Mean age of the study group was 27.5 years (SD ± 7.99) and mean ferritin serum level was 1755.16 ng/ml (SD ± 1034.04). Age groups of patients is shown in [Table 2] and [Figure 1].{Table 2}{Figure 1}

A total of 252 patients (66.3%) were spelenectomized.

Some 109 out of 395 patients of the study population (27.5%) were infected with Hepatitis C. The year of diagnosis is shown in [Table 3].{Table 3}

In this study, 21 out of 109 patients were hepatitis C positive after 1996; they had been negative before. [Table 4] presents new hepatitis cases during this time. It is worth noting that we did not have any new hepatitis cases after 2004. There was a significant correlation between hepatitis and type of thalassemia (P = 0.044). However, there was not any correlation between newly diagnosed hepatitis cases and their thalassemia type (P = 0.193).{Table 4}

A total of 21 new cases out of 109 were contaminated after 1996. But there were no complete donor data file available in transfusion center, so we had to trace back only the five last cases contaminated. These five patients had 13, 10, 13, 12, and 6 donors, respectively (totally 54 donors were found for 5 HCV new cases). In our trace backing, we proved the healthy state in 68.5% (37 of 54) of our donors population. Approximately, 81% of these donors were repeated donors. However, few donors were not accessible (because of change in addresses) and hence 17 out of 54 donors (31.5%) could not be traced.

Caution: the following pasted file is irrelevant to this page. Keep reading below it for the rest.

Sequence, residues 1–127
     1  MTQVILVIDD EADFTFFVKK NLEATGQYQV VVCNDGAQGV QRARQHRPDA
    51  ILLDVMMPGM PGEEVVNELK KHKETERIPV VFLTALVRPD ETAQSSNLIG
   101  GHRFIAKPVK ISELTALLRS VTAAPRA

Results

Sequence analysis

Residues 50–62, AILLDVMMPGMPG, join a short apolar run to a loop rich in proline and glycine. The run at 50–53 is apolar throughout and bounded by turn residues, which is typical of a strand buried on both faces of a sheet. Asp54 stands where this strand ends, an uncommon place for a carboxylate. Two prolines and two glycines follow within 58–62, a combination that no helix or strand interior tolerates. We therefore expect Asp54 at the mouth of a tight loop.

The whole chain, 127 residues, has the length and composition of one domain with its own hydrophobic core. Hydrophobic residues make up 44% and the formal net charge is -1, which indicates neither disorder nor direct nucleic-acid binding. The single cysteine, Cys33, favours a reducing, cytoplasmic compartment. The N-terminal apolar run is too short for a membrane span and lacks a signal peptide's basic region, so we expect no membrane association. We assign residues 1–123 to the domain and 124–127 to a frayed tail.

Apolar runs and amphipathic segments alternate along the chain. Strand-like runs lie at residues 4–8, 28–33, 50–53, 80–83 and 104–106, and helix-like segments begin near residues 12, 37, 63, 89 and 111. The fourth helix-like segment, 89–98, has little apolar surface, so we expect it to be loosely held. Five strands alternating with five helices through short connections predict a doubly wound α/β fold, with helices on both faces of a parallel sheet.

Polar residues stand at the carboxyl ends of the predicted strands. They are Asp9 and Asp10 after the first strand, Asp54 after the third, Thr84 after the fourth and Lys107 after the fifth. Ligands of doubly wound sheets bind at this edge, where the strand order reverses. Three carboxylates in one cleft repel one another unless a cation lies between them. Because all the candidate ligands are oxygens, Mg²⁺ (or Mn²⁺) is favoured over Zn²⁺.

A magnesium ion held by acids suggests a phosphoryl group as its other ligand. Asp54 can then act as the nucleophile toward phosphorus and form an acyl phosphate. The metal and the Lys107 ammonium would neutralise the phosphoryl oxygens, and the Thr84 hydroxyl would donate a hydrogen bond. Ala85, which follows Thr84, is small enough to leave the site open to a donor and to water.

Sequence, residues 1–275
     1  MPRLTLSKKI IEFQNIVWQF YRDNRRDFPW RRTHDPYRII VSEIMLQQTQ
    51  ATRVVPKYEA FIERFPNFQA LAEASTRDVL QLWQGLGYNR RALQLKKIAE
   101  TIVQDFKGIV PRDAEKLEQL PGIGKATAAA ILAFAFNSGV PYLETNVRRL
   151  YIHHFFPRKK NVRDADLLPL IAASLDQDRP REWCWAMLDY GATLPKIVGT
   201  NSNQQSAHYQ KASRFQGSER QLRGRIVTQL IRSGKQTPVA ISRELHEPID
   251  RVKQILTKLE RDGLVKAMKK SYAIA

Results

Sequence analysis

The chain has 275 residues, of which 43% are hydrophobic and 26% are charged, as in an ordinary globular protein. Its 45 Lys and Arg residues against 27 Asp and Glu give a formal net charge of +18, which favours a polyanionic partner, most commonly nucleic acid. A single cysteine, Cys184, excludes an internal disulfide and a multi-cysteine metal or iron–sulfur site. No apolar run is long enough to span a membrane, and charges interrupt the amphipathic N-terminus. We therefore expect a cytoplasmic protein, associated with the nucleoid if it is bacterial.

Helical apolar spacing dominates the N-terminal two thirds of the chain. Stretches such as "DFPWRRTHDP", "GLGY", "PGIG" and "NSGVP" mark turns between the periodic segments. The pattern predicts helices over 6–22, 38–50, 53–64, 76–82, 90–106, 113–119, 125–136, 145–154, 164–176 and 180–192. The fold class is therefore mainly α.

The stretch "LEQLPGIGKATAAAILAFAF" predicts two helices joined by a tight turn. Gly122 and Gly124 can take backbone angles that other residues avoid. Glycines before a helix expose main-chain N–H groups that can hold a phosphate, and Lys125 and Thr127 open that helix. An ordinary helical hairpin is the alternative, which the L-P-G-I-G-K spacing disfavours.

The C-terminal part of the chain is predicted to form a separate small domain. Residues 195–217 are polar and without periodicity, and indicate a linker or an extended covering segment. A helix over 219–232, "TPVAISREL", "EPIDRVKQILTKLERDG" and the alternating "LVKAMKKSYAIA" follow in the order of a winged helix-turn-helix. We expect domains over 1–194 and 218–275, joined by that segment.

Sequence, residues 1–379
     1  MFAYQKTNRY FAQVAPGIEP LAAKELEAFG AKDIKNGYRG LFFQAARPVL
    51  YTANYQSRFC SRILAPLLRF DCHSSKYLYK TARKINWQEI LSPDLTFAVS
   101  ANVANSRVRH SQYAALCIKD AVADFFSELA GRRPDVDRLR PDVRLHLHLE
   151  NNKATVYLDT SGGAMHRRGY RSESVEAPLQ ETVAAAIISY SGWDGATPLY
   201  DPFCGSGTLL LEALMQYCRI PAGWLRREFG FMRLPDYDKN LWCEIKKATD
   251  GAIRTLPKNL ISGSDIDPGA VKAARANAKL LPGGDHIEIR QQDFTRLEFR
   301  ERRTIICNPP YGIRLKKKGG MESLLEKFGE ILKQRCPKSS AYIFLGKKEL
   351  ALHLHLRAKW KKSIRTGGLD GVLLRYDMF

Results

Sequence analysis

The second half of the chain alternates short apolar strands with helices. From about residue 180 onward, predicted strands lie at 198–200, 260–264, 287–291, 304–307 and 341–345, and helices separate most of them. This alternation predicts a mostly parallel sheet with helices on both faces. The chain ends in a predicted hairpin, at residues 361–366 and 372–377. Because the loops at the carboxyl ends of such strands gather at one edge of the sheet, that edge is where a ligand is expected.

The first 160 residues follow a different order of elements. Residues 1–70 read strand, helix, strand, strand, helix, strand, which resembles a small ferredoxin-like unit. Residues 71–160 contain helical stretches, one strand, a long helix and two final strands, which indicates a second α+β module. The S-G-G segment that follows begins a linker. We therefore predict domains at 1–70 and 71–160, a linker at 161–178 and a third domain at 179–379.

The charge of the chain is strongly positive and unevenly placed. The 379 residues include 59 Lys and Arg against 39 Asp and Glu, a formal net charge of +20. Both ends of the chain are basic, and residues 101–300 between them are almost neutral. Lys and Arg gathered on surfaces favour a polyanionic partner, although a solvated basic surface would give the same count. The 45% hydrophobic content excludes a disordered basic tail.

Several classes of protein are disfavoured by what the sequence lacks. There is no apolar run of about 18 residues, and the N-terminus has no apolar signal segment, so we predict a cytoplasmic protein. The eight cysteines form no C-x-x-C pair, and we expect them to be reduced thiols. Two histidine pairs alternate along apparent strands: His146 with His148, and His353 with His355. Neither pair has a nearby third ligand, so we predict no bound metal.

[Table 5] is a sample tracing of one of our HCV new cases. He had 13 donors {In recording, the blood transfusions' date and the blood bags' numbers, from last negative test results (HCVAb) to the first positive test result}, but we cannot access to 5 out of 13 donors.{Table 5}

Totally, we cannot show any correlation between the transmissions of hepatitis C from the blood donor to the recipients.

 Discussion